Annual Meeting of the Trauma Association of Canada. Vancouver, BC, CAN, 1997/09/25.
Recent attention concerning the adverse outcomes of blood transfusion has resulted in decreased blood product usage for nonemergency care.
We hypothesized that there has also been a decrease in blood product use in the management of seriously injured adults.
A retrospective review of institutional database records was conducted at a regional trauma center for adults admitted during 1991,1993, and 1995.
Data was analyzed for trends in amount, type, and timing of blood product use.
A total of 1,738 patients were assessed, with 1,605 meeting inclusion.
The three patient groups were similar, including injury severity (overall mean Injury Severity Score of 23.6), mechanism (88% blunt), and survival (87%). In 1991,54% of the patients were transfused a total of 2,341 units of packed red blood cells (mean 4.67 units/pt treated) versus 42% of patients in 1995 (p<0.0001) who received 2,018 packed red blood cells (mean 3.57 units/patient treated, p=0.05).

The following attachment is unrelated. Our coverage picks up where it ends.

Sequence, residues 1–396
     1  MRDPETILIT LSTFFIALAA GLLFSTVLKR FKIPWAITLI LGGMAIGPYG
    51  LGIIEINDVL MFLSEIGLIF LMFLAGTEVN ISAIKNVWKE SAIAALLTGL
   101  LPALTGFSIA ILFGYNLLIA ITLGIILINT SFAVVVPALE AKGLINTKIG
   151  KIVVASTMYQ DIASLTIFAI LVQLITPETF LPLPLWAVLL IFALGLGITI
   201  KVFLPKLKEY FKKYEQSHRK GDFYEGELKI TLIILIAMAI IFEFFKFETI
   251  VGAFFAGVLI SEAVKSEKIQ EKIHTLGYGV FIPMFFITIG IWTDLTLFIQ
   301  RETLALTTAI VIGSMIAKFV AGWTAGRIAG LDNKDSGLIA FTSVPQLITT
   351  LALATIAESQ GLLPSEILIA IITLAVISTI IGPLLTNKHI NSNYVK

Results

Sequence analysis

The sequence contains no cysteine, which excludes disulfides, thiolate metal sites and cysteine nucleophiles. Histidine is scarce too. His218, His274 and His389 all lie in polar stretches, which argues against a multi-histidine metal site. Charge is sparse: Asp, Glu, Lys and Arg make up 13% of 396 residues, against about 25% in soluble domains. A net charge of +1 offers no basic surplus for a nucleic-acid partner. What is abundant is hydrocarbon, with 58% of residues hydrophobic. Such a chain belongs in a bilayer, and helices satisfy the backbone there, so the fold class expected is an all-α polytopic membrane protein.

A significantly higher proportion of units was transfused in the first 24 hours of care in 1995 (64%) compared with 1991 (21%, p<0.0001).
A reduction in the use of universal donor type-O blood use was also found (1.21 vs. 0.65 units/patient transfused, p<0.0001).
Despite similar admission hemoglobin concentrations (124.1 vs. 125.3, not significant), significant reductions were found in the average 24-hour (109.2 vs. 103.8, p<0.001), lowest (96.5 vs 92.1, p<0.01) and discharge (115.8 vs. 110. (...)
Mots-clés Pascal : Traumatisme, Malade état grave, Transfusion, Sang, Complication, Relation, Diminution, Indication, Instruction, Homme, Médecine catastrophe, Réanimation
Mots-clés Pascal anglais : Trauma, Critically ill, Transfusion, Blood, Complication, Relation, Decrease, Indication, Instruction, Human, Disaster medicine, Resuscitation
Notice produite par :
Inist-CNRS - Institut de l'Information Scientifique et Technique
Cote : 98-0236590
Code Inist : 002B27D01. Création : 11/09/1998.